Nervous and Locomotor Systems
Mycoplasmas are among the top concerns of the swine industry; different species cause different clinical signs. Mycoplasma hyorhinis (Mhr) infection is a ubiquitous pathogen that causes systemic disease in nursery-age pigs. The bacteria is part of the normal flora of the upper respiratory system of young pigs. Therefore, the majority of infected pigs is asymptomatic.
Etiology and transmission
Mycoplasma hyorhinis is a small bacteria without a cell wall, that compared to most Mycoplasmas grows quickly and is often a cell culture contaminant. M.hyorhinis infects epithelial cells in the upper respiratory system and as a result is spread through the oro-nasal route. Piglets can get infected by the sow or by their penmates, asymptomatic carriers. M.hyorhinis can also contaminate drinkers. Currently, the mechanism that allows the bacteria to migrate from the respiratory system and cause systemic disease is unknown.
The main symptom associated with M.hyorhinis is polyserositis in pigs from 3 to 10 weeks of age. Affected animals look gaunt and apathetic with rough, coarse hair coat. They have difficulty breathing, moving and therefore going to the feeders to eat. Lameness and swollen joints are also apparent. A slight fever may develop. Pigs may die suddenly or, if they survive, develop chronic arthritis and lameness that persists for several months. Clinical cough is rare and usually mild but is indistinguishable from M.hyopneumoniae symptoms when present. More recently, cases of conjunctivitis due to M.hyorhinis have been reported.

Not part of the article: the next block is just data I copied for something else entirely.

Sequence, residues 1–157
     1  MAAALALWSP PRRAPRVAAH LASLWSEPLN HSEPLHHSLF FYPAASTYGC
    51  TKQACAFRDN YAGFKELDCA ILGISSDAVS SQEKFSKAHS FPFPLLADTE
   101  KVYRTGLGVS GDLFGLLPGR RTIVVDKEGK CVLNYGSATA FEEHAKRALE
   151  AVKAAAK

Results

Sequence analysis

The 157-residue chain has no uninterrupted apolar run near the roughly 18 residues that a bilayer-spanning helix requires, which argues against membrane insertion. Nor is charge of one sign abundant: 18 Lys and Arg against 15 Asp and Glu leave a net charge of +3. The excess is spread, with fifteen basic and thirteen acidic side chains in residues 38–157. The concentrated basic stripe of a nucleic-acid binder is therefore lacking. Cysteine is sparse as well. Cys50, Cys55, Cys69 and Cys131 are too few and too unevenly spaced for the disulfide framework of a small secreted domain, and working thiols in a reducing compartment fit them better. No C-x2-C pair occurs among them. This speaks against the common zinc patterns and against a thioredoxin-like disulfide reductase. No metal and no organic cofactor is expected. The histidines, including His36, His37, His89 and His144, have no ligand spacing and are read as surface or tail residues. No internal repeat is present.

Which population is more likely to be affected by M.hyorhinis?
- Nursery pigs
- Growing-finishing pigs
- Adult sows
Polyserositis with fibrous adhesions is the main lesion associated with M.hyorhinis. When opening up affected joints at necropsy, the synovial membranes are swollen and a sero-hemorrhagic liquid can be seen in the joint. In pneumonia cases, the lung lesions are similar to the ones seen in case of enzootic pneumonia.
The most common clinical sign associated with M.hyorhinis infection is:
- Sudden death
- Dry hacking cough
The best samples to take are swabs of fibrin from the thorax or abdomen, or from affected joints of non-treated animals. Culture or PCR tests are both valid in detecting the bacteria in the lesion. Samples from the upper respiratory tract are not appropriate as M.hyorhinis is a commensal and isolation of the bacteria in that region does not prove involvement in the disease.
H. parasuis and S. suis should be considered in a differential diagnosis as they both cause lameness and polyserositis.
Treatment, Prevention and Control
Like other Mycoplasmas, M.hyorhinis is not susceptible to beta-lactams, but a number of other antibiotic treatments work effectively if the treatment is given early. For chronically affected animals, antibiotics cannot reduce the amount of adhesions or the inflammation causing the lameness or the pain associated with movement. The best prevention method is reducing stress on the animal to lessen the chance of systemic disease developing. No commercial vaccines are available but autogenous vaccines can be developed.
A nasal swab taking from a pig showing signs of lameness came back positive for a Mycoplasma hyorhinis PCR. This result is enough to make a conclusive diagnosis of M.hyorhinis induced lameness. True or False?